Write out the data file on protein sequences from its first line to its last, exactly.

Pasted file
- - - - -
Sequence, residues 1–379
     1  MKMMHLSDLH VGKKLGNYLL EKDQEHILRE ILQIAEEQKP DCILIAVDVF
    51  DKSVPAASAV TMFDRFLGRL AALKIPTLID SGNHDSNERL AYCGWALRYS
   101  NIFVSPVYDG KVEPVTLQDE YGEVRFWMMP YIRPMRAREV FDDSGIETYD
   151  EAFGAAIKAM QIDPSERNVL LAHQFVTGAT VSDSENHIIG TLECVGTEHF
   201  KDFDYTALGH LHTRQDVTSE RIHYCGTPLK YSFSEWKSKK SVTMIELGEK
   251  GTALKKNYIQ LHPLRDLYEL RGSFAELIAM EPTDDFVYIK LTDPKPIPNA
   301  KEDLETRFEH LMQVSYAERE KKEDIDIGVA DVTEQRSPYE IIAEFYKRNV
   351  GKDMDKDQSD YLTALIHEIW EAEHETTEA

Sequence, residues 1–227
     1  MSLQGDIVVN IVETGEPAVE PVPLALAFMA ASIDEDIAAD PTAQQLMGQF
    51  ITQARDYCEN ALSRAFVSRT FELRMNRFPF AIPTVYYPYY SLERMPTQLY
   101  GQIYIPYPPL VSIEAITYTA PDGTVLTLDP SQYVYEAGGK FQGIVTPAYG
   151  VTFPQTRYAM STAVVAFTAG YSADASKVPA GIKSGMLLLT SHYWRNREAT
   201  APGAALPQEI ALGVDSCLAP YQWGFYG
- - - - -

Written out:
Sequence, residues 1–379
     1  MKMMHLSDLH VGKKLGNYLL EKDQEHILRE ILQIAEEQKP DCILIAVDVF
    51  DKSVPAASAV TMFDRFLGRL AALKIPTLID SGNHDSNERL AYCGWALRYS
   101  NIFVSPVYDG KVEPVTLQDE YGEVRFWMMP YIRPMRAREV FDDSGIETYD
   151  EAFGAAIKAM QIDPSERNVL LAHQFVTGAT VSDSENHIIG TLECVGTEHF
   201  KDFDYTALGH LHTRQDVTSE RIHYCGTPLK YSFSEWKSKK SVTMIELGEK
   251  GTALKKNYIQ LHPLRDLYEL RGSFAELIAM EPTDDFVYIK LTDPKPIPNA
   301  KEDLETRFEH LMQVSYAERE KKEDIDIGVA DVTEQRSPYE IIAEFYKRNV
   351  GKDMDKDQSD YLTALIHEIW EAEHETTEA

Sequence, residues 1–227
     1  MSLQGDIVVN IVETGEPAVE PVPLALAFMA ASIDEDIAAD PTAQQLMGQF
    51  ITQARDYCEN ALSRAFVSRT FELRMNRFPF AIPTVYYPYY SLERMPTQLY
   101  GQIYIPYPPL VSIEAITYTA PDGTVLTLDP SQYVYEAGGK FQGIVTPAYG
   151  VTFPQTRYAM STAVVAFTAG YSADASKVPA GIKSGMLLLT SHYWRNREAT
   201  APGAALPQEI ALGVDSCLAP YQWGFYG